Basic Troubleshooting Steps
This activity describes basic troubleshooting steps students can take when:
- The computer doesn't turn on
- The browser window opens small
- A program they closed is still making sound
- They can no longer interact or enter on a web page
- Can't hear anything with their headphones
- Web page won't load
- The mouse isn't working
- Be able to follow troubleshooting steps to solve common problems.
- Be able to ask the teacher or adult for help when connecting their device with an electrical outlet.
- Minimize: To minimize is to make web browser window smaller.
- Maximize: To maximize is make your computer full screen.
- Restore the browser window: To restore the browser window is to use the appropriate icon to maximize a browser or program window to full screen when it is smaller.
- Refresh: To refresh is to make a browser window update to the newest view.
- Close the browser or program: To close the browser or program you use the X icon to close it.
- Taskbar or menu: A taskbar or menu is a row or set of icons on a computing device screen that are clicked on to start software applications or switch between open applications or active windows.
- Volume control: Volume controls are the software controls or icons on the computing device to increase, decrease or mute the sound.
Be prepared to show the items identified in the vocabulary section.
Download and show this PowerPoint file. (After downloading the PP file, make sure the icons are lined up appropriately. Depending on your PP version, they may not be lined up appropriately anymore.)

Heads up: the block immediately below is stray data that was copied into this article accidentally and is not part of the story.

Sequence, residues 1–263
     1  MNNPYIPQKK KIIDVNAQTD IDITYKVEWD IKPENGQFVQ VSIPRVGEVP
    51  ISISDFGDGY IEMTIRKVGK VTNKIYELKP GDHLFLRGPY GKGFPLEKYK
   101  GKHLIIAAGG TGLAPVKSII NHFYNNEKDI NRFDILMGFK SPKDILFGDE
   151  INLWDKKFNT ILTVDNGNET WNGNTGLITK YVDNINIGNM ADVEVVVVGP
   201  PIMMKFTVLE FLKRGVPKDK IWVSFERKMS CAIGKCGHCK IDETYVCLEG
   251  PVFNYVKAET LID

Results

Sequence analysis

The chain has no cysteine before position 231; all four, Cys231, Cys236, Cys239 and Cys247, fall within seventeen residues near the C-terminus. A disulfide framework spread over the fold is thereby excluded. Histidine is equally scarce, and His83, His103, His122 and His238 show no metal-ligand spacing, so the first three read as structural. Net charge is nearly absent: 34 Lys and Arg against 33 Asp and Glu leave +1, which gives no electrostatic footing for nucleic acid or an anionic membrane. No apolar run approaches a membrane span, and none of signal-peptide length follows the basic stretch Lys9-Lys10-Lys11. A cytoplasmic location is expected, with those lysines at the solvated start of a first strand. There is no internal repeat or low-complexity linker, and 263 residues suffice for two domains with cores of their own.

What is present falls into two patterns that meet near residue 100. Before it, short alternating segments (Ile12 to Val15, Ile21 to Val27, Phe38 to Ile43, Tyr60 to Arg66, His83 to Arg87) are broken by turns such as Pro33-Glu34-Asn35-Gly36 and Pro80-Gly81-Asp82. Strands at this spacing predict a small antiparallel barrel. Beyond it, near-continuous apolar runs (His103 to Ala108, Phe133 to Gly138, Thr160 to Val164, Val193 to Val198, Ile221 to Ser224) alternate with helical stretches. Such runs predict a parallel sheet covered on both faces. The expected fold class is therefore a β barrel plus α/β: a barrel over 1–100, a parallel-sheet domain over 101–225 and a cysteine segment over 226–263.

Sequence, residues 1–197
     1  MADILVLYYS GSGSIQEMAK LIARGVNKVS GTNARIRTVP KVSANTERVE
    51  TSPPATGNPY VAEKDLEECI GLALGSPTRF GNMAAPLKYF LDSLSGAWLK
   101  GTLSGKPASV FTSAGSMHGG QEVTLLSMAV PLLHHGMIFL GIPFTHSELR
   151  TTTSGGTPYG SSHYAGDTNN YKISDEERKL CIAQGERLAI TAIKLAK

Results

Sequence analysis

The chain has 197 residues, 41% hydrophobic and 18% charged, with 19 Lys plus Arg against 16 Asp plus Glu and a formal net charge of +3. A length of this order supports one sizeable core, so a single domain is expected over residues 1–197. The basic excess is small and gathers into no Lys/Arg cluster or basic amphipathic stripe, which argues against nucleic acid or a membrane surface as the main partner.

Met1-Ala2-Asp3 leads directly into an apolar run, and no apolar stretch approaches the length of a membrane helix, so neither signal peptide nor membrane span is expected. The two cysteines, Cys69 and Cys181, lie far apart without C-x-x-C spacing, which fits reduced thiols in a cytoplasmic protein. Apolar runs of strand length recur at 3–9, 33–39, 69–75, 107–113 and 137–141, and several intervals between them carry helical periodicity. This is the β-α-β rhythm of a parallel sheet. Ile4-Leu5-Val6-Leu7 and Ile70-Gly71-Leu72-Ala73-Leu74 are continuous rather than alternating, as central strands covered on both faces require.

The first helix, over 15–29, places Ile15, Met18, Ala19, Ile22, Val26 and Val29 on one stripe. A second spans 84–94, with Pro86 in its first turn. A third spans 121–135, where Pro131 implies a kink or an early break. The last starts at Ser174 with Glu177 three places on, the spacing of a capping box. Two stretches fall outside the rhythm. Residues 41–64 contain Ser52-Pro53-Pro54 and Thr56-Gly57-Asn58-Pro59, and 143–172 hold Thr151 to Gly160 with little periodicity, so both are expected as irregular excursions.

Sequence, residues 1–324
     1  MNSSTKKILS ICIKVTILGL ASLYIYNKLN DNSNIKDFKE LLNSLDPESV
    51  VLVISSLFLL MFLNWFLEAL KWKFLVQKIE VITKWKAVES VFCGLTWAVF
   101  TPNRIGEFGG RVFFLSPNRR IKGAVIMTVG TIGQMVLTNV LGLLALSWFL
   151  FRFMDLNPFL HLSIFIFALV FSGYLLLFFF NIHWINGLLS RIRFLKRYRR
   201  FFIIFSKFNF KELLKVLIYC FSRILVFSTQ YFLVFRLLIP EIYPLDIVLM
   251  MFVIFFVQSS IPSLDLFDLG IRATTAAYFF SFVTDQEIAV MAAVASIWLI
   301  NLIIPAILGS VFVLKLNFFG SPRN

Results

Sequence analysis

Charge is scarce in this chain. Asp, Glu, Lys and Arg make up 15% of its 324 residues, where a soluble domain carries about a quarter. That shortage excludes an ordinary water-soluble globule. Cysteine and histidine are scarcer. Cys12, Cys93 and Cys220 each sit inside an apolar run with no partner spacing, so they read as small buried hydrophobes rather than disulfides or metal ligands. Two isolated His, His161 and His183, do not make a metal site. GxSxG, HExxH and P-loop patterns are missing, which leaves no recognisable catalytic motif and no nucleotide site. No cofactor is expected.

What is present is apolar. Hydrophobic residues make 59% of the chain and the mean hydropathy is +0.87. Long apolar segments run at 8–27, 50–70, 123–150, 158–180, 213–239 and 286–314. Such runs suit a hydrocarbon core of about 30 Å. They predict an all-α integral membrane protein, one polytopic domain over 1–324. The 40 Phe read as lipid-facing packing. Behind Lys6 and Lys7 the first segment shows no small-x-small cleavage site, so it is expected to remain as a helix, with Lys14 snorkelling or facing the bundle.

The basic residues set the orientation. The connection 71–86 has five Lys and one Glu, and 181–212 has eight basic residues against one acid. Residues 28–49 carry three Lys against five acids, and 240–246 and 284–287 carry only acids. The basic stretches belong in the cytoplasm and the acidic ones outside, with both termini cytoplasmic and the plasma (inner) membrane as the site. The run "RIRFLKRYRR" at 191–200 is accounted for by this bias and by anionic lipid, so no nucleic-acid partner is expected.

Print out this Troubleshooting chart if it is helpful.
Here is a short video explaining all the parts of the computer. This might be helpful to show the students.
- See Accommodations Page and Charts on the 21things4students.net site in the Teacher Resources.
- Explain to the students that you will be talking about basic troubleshooting steps to use if they have a problem with their computer.
- Show the PPT, pausing to ask if they have ever had that problem. Ask them to explain what steps did they use to figure it out.
- Emphasize the danger and proper procedure if the problem involves plugging it into or out of a power source. Be sure to ask an adult for help. Talk about the importance of not touching cords with wet hands, or of cords that are cut or damaged.
- Explain that these are just some common problems and steps to solve them. They raise their hands and share a different problem they have had, and the steps they took to figure it out.
- Ask how many have helped or had help from another student to solve a computer problem and did it work.
- Ask how many have ever helped an adult, parent, or grandparent with a problem with technology and what they did.
Create a class troubleshooting chart with steps for problems that happen. repeatedly. This can help a sub as well as themselves.
Show the Video Computer Basics: Inside a Computer if there is time.
- Check for understanding
- Do a game where you set up a computer or tablet with something wrong before they enter the room.
- Ask for a volunteer or pair that will go through troubleshooting steps to try to solve the problem.
MITECS COMPETENCIES & ISTE STANDARDS
4.a. With guidance from an educator, students ask questions, suggest solutions, test ideas to solve problems and share their learning.
4.d. Students demonstrate perseverance when working to complete a challenging task.
MITECS: Michigan adopted the "ISTE Standards for Students" called MITECS (Michigan Integrated Technology Competencies for Students) in 2018.
Devices and Resources
A step-by-step process to solve problems can be related to many math activities.
A step-by-step process to solve problems can be related to many science activities.
This task card was created by Carolyn McCarthy, Shiawassee RESD consultant and 21things4kids Project Manager for REMC.org. Updated Sept 2022.